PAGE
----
Fire at N.H. Market Not Considered to Be Hate Crime

MANCHESTER, N.H. -- While the cause of the Sept. 15 fire that destroyed a market that sold Middle Eastern and other ethnic foods remains unknown, federal agents do not believe it was set in reaction to recent anti-American protests and violence abroad, a city arson investigator said Monday.

FBI and U.S. Bureau of Alcohol, Tobacco, Firearms and Explosives agents have found no connection between the 750 Massabesic St. fire and possible local backlash to anti-U.S. protests that began Sept. 11 with attacks on the U.S. embassy in Egypt and the U.S. consulate in Libya where the American ambassador and three other Americans were killed.

"With everything going on in the world right now, they wanted to make sure this wasn't a hate crime against the owner of the Sahara Market....We want to make sure everyone is protected here," Manchester Deputy Fire Marshal Rick Clement said.

"At this point, they don't feel there is any connection," Clement said of the federal investigators' findings.

Omar Abouzaid of Manchester has run Sahara International Market on the first floor of the two-story building for about five years. The store's sign indicated it specialized in Arabic, Pakistani, Indian, European and African food.

The probe into whether the fire was set or was accidental remains active as investigators wait for forensic tests results on several samples they removed from the second-floor of the building. It likely could take at least several weeks for the state forensic laboratory to complete its analysis, Clement said.

Meanwhile, investigators will review a surveillance videotape they just obtained from a nearby building, he added.

Preliminary findings suggest the fire is not linked to a cluster of three arson fires that happened in the area in March 2010, including one set to the same building on March 8, 2010. Two nearby vacant Massabesic Street buildings also were set on fire. All three remain unsolved.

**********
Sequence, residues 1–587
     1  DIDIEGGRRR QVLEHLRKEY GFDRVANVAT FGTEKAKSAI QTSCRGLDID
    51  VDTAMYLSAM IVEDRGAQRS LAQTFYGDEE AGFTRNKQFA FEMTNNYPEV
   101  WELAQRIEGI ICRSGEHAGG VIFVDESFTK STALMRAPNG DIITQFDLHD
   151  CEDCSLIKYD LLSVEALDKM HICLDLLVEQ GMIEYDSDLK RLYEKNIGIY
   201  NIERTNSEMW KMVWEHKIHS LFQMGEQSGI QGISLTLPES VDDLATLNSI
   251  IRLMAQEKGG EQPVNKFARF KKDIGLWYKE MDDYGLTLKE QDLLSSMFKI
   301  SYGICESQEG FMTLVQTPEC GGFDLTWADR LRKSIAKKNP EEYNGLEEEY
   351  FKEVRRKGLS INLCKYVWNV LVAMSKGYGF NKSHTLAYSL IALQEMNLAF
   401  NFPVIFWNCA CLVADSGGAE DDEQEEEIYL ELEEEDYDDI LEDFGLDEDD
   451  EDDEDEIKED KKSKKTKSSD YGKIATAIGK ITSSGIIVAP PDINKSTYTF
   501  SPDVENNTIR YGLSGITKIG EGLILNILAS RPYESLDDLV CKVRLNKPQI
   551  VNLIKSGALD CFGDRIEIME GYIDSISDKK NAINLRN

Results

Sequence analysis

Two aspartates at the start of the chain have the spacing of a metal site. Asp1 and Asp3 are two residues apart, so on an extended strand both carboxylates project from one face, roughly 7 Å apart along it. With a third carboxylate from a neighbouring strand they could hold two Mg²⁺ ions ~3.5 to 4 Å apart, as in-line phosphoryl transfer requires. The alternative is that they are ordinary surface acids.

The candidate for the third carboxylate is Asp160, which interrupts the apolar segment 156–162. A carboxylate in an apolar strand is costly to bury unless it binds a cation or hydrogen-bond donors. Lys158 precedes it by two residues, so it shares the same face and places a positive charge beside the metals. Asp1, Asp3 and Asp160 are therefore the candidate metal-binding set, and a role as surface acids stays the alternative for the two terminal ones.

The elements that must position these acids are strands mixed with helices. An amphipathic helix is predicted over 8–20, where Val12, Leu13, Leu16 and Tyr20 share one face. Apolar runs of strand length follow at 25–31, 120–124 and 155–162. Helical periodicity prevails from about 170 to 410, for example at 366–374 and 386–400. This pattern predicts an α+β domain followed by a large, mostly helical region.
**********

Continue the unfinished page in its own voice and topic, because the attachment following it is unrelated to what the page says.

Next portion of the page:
"As of this moment, we don't feel as though they're connected," Clement said.

The three-alarm supermarket blaze reported by a passerby at 9:51 p.m. on Sept. 15 gutted the 750 Massabesic St. building owned by TRB Development Group Inc. of Hooksett.

The fire caused the roof and part of walls to collapse onto the second floor, making the building unsafe to the public and inaccessible to investigators who needed to dig through the ruins to determine how and why the fire started.

Once the second floor was cleared, city fire investigators brought an accelerant detecting dog in that alerted on several spots on the second floor of the building, where the fire is believed to have started, Clement said.

Clement noted, however, that buzz and table saws, compressors, woodworking tools and other machinery that had been stored there could have leaked oil-based substances that seeped into the wood floor over time.

The second floor of the building is used for storage space. Sahara Market operated out of rented space on the first floor. The store was closed when the fire broke out. No one is believed to have been in the building at the time of the fire and there is no evidence of forced entry, Clement said.

He said it could take several weeks before all results of the investigation are available and city and police arson investigators are able to review them and officially determine the fire's cause.

Copyright 2012 - The New Hampshire Union Leader, Manchester

McClatchy-Tribune News Service